A three-part project by French artist JR draws global attention to the impacts of intensive water extraction in Australia on the environment, local farmers, and the indigenous community. “Homily to Country” concluded in dramatic fashion with a procession of four monumental portraits through the desert of Menindee Lakes in New South Wales, symbolizing the interconnection between the subjects and the ecosystem.

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The nearly 100-foot-long portraits were carried by the subjects themselves, including Badger Bates, a senior Baakandji elder and spokesperson on the Back River, orchardists Rachel Strachan and Alan Whyte, and Wayne Smith, a sixth-generation farmer. All have been impacted by the decline of the Darling/Baaka River caused by climate change, inadequate irrigation, and drought.

Australian farmers and indigenous peoples carry a massive portrait of orchardist Alan Whyte through the desert as part of French artist JR's

Australian farmers and indigenous peoples carry a massive portrait of orchardist Rachel Strachan through the desert as part of French artist JR's

Australian farmers and indigenous peoples carry a massive portrait of sixth-generation farmer Wayne Smith through the desert as part of French artist JR's

The river is a major tributary to the Murray-Darling River system, the largest on the Australian continent, and its health is directly tied to the health of the Baakandji culture, offering food, fiber, and shelter, among other precious resources. The portrait subjects are among those calling for a new river management system based on indigenous land management practices, including the sustainable irrigation of farms and orchards.

“Baaka is the name of our beautiful river, and it is who Baakandji people are, people of the river,” says Badger Bates. “Baakandji never left our land, we are still here, we love our land and it loves us. We have stories that explain its creation and how everything works, so we know how to look after it.”

French artist JR's new

Commissioned by the National Gallery of Victoria for the NGV Triennial, “Homily to Country” also consists of an open-air chapel inlayed with stained glass windows featuring the same portraits in the NGV garden and an accompanying film, which itself includes footage of the procession.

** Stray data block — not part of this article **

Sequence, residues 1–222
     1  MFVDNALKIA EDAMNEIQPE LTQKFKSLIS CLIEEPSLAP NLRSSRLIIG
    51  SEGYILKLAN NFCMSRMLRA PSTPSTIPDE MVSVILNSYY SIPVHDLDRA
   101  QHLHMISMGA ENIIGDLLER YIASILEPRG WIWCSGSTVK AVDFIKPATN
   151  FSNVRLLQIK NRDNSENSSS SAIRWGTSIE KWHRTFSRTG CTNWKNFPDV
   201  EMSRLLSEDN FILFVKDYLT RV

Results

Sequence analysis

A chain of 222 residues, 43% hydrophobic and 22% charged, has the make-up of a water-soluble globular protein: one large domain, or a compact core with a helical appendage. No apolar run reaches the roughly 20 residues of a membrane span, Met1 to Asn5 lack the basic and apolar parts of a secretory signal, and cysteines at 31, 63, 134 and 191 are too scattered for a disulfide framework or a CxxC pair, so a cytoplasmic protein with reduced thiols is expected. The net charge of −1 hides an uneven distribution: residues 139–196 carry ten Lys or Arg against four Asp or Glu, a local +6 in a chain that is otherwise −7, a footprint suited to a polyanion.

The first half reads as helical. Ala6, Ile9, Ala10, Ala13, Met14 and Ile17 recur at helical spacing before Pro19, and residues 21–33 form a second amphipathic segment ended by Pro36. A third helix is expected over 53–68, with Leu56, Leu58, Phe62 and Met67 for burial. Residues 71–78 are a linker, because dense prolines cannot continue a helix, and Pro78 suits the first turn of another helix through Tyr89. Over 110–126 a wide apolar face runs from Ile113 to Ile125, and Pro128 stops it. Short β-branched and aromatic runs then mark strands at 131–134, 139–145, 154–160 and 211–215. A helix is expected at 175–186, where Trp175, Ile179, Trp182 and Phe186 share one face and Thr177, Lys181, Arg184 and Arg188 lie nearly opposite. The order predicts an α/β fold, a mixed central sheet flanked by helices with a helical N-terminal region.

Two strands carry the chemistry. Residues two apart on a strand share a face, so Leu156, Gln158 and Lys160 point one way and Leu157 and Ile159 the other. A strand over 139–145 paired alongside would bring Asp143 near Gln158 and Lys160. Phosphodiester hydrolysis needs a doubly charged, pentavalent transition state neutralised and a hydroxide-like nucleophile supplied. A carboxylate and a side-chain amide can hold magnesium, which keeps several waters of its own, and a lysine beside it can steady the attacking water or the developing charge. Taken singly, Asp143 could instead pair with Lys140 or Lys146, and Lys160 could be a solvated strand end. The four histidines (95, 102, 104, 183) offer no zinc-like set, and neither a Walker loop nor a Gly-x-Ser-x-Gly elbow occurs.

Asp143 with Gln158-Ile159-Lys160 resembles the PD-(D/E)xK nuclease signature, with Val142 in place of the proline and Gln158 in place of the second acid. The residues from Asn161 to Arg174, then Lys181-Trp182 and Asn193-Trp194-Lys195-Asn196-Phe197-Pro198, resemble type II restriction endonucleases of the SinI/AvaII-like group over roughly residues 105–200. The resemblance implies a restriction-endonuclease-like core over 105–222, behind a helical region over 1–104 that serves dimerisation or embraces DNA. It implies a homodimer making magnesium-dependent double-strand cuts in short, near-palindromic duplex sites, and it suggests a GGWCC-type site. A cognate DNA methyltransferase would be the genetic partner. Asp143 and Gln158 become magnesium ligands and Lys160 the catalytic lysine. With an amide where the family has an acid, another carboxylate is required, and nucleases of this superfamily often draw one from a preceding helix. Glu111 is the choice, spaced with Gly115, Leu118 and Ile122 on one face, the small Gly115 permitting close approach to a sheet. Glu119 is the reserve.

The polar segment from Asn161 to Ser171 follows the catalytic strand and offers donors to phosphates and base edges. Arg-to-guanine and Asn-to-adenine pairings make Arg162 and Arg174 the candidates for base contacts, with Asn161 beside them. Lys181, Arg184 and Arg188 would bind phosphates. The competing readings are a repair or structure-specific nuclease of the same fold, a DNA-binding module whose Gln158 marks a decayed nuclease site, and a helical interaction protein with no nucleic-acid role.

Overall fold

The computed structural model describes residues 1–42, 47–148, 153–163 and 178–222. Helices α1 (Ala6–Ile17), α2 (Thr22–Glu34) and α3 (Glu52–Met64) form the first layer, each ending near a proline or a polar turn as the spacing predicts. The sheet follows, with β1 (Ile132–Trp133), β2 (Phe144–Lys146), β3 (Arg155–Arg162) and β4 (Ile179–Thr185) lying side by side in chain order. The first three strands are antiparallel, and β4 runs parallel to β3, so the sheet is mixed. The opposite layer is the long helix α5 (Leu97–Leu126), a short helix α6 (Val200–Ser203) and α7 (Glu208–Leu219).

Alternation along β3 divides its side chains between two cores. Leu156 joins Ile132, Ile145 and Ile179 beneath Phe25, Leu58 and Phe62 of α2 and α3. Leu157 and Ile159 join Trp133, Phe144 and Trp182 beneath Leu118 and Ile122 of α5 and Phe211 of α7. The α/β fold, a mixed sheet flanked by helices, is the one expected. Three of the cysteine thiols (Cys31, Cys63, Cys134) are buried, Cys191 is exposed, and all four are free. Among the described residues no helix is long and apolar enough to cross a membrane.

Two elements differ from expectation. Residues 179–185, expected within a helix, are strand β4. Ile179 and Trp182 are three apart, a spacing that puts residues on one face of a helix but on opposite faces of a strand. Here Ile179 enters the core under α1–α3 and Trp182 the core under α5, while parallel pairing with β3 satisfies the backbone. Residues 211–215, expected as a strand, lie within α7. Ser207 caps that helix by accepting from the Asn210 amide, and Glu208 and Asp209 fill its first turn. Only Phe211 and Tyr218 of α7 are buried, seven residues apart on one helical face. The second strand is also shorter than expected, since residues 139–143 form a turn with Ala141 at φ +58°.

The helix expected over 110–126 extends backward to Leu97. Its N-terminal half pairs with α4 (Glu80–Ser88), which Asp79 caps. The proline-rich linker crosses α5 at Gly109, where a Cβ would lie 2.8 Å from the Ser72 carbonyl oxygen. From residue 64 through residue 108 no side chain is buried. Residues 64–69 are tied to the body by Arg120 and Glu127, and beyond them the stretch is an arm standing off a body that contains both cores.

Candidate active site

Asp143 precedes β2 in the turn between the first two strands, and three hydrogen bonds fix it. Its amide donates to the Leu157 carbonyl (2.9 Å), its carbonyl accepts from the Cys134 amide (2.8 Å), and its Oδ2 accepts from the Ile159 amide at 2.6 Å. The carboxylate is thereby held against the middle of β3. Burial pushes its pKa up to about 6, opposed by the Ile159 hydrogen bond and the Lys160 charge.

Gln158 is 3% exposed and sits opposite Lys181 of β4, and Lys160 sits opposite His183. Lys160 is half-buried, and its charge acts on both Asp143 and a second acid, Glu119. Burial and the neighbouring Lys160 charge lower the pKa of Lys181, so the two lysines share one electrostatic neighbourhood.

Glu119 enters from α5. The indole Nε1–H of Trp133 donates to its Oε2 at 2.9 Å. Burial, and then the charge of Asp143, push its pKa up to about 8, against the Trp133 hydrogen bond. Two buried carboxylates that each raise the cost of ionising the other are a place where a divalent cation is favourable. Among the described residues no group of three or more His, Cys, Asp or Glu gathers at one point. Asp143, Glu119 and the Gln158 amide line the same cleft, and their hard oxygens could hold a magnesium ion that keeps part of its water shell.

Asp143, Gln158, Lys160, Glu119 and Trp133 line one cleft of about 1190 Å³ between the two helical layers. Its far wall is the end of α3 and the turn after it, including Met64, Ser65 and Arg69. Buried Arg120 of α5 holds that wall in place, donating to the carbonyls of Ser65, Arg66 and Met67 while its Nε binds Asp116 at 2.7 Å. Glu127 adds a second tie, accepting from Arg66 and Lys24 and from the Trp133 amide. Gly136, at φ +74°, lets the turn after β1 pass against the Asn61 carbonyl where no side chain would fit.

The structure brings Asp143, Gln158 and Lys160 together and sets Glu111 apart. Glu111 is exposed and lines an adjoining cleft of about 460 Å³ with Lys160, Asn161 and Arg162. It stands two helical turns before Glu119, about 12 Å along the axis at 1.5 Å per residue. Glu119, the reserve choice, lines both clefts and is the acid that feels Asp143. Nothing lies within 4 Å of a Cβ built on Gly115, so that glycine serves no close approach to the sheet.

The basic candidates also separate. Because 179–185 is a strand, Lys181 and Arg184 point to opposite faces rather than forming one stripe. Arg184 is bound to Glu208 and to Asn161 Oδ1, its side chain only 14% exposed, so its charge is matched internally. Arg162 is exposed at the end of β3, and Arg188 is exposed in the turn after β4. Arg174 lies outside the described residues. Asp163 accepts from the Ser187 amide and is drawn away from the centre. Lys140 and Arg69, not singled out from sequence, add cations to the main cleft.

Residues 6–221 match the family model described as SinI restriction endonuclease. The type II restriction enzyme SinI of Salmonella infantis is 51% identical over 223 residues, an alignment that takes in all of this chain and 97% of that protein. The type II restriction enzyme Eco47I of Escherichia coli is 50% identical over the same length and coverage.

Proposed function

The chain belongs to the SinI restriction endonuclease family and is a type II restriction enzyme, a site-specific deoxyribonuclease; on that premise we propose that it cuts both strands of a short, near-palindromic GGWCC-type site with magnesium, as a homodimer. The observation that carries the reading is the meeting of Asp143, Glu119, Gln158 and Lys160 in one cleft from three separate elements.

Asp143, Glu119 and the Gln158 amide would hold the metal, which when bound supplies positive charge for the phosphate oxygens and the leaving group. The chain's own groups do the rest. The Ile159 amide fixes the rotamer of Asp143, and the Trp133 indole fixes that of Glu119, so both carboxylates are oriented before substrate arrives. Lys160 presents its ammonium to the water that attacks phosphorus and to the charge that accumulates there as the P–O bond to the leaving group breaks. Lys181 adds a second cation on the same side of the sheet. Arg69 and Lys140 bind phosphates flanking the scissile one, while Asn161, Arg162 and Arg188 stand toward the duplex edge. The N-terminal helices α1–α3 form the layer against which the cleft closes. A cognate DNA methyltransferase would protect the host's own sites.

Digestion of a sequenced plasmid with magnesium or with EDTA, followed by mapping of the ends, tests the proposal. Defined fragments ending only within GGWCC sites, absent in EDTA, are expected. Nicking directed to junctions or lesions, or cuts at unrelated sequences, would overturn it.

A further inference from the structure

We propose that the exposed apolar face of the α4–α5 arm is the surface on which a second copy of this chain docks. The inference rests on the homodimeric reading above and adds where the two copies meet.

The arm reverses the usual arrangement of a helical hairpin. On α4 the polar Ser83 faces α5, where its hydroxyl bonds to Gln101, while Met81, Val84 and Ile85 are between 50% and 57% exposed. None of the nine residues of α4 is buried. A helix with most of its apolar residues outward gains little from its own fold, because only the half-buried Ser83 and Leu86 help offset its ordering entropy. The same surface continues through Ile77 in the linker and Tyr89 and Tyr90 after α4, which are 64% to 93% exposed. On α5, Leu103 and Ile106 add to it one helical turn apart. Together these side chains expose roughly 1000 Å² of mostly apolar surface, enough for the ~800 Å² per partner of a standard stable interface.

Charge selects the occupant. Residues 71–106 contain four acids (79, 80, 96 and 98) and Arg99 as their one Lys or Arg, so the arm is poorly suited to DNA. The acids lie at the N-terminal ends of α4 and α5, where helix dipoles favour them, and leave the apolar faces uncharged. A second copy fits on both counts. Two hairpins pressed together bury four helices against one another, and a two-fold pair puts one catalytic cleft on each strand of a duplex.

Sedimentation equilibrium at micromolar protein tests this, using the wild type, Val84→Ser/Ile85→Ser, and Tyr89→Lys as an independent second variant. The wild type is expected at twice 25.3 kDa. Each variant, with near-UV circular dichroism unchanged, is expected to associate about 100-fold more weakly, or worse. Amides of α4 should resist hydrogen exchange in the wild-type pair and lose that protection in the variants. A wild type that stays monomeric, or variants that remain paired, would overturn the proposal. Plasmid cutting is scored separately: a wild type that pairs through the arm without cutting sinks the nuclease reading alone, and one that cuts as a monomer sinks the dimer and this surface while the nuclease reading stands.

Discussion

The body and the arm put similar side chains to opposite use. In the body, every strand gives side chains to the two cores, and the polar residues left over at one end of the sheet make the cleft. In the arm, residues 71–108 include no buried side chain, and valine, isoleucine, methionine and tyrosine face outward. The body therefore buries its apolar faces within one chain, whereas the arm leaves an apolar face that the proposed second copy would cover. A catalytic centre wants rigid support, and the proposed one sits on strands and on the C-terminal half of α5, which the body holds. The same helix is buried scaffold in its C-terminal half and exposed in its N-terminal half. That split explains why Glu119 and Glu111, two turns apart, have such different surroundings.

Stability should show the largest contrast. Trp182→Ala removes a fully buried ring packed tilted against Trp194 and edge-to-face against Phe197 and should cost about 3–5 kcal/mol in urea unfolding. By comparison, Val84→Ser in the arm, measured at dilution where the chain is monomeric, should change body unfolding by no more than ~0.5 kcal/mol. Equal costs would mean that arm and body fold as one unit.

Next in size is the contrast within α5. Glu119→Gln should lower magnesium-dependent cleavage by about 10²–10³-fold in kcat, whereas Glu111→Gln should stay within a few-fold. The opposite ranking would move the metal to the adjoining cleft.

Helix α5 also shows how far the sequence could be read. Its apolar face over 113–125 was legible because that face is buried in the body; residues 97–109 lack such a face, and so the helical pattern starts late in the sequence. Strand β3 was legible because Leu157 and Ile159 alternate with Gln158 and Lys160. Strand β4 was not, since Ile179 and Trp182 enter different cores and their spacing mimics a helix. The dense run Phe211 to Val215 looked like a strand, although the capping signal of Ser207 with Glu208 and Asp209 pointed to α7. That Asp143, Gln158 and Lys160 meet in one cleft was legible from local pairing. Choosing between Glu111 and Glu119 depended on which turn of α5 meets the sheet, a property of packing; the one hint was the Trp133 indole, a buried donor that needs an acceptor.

“Through this ambitious project, JR explores one of the most significant ecological issues facing Australia today,” says Tony Ellwood, Director of NGV, adding that “the procession in the Menindee Lakes district as part of JR’s thought-provoking ‘Homily to Country’ works in the NGV Triennial, highlighting important local voices and giving global attention to the environmental concerns of the Murray-Darling River.”

French artist JR's new

“Homily to Country” began as a continuation of JR’s “Omelia Contadina” project, which shines a light Italian farmers facing many of the same issues. JR traveled to Australia in early 2020, before the pandemic began, to meet with the orchardists who were forced to remove and burn their families’ formerly successful commercial orchards due to lack of irrigation flows.

“I started this project in Italy, very far from Australia, yet farmers have similar issues: protect their environment and live decently from their work,” JR says. “Like many people this past year who were not able to participate in important life moments, I will follow the procession remotely but will surely feel the presence of all the people gathered.”

JR’s signature black-and-white portraiture never fails to start conversations about important topics, like the homogenization of architecture, the plight of undocumented young people in the United States, and the well-being of incarcerated people. Previous projects include a massive Brooklyn mural of 1,000 New Yorkers in “Chronicles,” a thought-provoking temporary billboard along the US-Mexico border in “Giants,” a visualization of the immigrants who passed through Ellis Island in “Unframed,” and photos of local elderly people splashed across the facades of urban buildings in “The Wrinkles of the City.”